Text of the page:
Many forward-thinking banks are looking at machine learning (ML) and artificial intelligence (AI) to meet their strategic objectives. For example, many organisations are reducing fraud and money laundering by employing ML to identify anomalies in transactions. Some retail banks are using AI to drive product innovation and customer experience enhancements.
Banking aside, AI is changing the trading landscape by replacing sharp-suited traders with lab-coated data scientists to make less risky decisions on buying and selling. And while insurance has been using big data for years, there’s still scope for AI to enhance operational efficiencies.
3.GDPR should not affect digital transformation
GDPR has rightly put customer privacy in the spotlight, but GDPR need not be a barrier to digital transformation — in fact it ought to drive digital transformation.
GDPR dictates that you need to know exactly where you are storing your customers’ data. But when you’ve got siloed IT structures that house customer details in one silo, followed by their banking details in another, their mortgage in another, and their investments in yet another, keeping track of all that information is huge security challenge.
Therefore, financial services companies need to use GDPR as an excuse to upgrade their legacy technology once and for all. And while security can be the primary driver, that transformation will lead to significant benefits in other areas further down the line, through better operational efficiency, better customer service and higher revenue streams.
4.Customer experience and security need not be a balancing act
Many would argue that customer experience and security is usually a trade-off. And in many circumstances, they’re right. But it doesn’t need to be that way in financial services. By considering security and customer experience throughout the entire technology stack — and not simply as add ons — you’ll benefit from the best of both worlds.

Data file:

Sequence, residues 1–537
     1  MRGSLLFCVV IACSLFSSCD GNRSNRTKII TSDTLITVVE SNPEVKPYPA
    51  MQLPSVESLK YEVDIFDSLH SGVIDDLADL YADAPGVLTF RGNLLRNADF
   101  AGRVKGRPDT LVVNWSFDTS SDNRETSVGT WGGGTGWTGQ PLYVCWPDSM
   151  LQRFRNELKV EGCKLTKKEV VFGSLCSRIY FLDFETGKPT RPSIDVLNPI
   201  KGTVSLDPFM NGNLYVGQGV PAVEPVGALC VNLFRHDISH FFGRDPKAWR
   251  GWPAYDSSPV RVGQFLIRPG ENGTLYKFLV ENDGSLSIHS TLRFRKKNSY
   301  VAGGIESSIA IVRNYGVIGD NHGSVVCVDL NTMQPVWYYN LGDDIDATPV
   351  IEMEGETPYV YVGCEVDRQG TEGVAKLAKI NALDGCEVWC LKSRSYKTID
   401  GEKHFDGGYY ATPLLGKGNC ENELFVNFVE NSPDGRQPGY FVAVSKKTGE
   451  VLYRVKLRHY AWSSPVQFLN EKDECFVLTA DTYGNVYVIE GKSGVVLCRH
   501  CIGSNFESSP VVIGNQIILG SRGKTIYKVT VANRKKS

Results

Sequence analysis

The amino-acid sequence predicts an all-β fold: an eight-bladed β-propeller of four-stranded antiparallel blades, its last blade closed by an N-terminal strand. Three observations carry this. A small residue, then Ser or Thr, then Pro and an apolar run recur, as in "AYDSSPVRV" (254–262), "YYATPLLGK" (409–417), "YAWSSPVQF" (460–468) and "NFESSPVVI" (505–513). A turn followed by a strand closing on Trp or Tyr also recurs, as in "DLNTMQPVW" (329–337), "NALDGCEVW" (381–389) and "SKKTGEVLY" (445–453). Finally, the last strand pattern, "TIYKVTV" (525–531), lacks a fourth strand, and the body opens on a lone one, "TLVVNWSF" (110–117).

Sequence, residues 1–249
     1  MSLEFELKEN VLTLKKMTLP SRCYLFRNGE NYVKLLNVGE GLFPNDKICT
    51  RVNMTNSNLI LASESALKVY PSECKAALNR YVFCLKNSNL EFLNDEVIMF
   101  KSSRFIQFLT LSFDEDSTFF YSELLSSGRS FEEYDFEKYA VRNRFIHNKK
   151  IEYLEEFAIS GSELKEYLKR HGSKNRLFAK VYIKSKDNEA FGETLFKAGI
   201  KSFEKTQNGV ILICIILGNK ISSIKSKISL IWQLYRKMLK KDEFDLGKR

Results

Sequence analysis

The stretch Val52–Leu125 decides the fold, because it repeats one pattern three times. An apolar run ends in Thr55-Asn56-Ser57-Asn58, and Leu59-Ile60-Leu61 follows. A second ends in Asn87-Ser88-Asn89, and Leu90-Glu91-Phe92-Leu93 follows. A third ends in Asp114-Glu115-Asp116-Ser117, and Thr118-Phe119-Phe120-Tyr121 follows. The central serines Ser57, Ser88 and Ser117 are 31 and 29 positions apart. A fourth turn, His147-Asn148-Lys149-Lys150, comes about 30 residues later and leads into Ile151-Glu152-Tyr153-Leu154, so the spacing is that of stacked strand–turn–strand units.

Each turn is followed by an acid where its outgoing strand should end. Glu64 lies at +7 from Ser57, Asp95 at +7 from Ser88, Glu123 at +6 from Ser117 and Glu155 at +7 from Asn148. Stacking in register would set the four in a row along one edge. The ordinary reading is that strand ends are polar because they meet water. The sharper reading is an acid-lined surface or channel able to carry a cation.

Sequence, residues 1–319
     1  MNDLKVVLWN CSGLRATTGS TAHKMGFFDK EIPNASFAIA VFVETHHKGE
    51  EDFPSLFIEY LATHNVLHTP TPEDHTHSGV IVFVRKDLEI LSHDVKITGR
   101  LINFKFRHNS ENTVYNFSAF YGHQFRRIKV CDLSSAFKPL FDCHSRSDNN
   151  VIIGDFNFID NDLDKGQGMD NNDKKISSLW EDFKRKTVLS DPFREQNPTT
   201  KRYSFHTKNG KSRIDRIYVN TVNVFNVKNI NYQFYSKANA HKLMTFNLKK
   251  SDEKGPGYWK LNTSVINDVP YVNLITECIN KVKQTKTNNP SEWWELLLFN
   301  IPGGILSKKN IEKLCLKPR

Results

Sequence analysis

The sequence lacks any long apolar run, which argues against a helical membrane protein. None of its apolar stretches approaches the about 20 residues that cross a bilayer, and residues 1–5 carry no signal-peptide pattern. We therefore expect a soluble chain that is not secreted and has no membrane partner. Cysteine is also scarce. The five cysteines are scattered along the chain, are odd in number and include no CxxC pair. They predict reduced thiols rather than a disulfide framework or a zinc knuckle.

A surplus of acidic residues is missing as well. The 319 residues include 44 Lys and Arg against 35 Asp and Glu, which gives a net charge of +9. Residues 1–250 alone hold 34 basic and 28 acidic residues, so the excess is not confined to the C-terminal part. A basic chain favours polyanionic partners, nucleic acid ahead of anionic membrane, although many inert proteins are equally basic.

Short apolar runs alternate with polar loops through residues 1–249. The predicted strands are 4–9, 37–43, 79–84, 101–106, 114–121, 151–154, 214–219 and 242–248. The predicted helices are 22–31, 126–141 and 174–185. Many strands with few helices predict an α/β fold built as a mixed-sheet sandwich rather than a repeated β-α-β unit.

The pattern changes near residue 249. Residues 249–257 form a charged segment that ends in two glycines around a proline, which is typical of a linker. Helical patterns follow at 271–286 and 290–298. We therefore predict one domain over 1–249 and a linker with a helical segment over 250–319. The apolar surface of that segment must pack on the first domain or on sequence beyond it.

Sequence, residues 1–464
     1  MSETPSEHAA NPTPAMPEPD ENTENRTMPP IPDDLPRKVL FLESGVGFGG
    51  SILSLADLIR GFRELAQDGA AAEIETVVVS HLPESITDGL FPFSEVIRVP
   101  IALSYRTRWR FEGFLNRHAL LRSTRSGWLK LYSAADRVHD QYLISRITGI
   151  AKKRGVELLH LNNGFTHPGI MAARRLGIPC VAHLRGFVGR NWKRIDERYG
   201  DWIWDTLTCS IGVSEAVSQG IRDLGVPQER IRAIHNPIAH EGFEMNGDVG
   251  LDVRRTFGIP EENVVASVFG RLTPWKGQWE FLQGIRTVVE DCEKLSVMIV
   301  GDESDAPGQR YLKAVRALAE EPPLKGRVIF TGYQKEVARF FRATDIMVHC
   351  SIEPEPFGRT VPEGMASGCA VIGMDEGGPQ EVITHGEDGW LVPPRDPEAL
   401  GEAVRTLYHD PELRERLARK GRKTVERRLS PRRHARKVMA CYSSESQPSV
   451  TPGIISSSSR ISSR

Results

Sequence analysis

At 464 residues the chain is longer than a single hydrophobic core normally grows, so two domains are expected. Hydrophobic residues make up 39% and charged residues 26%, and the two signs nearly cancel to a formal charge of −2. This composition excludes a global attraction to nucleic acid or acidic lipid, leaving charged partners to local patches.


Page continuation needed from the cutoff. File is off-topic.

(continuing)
For example, using data and AI to identify behavioural patterns, you can use insights to improve both security and CX. On the one hand you use these technologies to detect suspicious logins, anomalous transactions, and other indicators of theft. And on the other hand, you can use these technologies to recommend relevant products based on consumer spending habits.
5.Hybrid cloud is almost certainly the way to go
Financial services organisations are making significant progress with regards to accepting the use of cloud data and applications for sensitive customer functions (subject to appropriate checks, of course).
But where should organisations focus their efforts? Accenture recommends developing a hybrid cloud environment, using the cloud to scale up rapidly without the enormous capital expenditure, while using other provisioning models only if there are strong reasons for not using the cloud.
The key though is to determine where you are storing data while it’s at rest, and then assess the need for access with the need for greater privacy and security. And of course, consider how other financial organisations are approaching the challenge — like Lloyds Bank using IBM to migrate 1,300 apps over three years, saving 40% on costs.
Which brings us on to my conclusion. We talk about the cost of digital transformation, but what is the cost of staying with the existing model? Ultimately it is customer attitudes rather than specific regulation that will affect the take-up speed of digital services.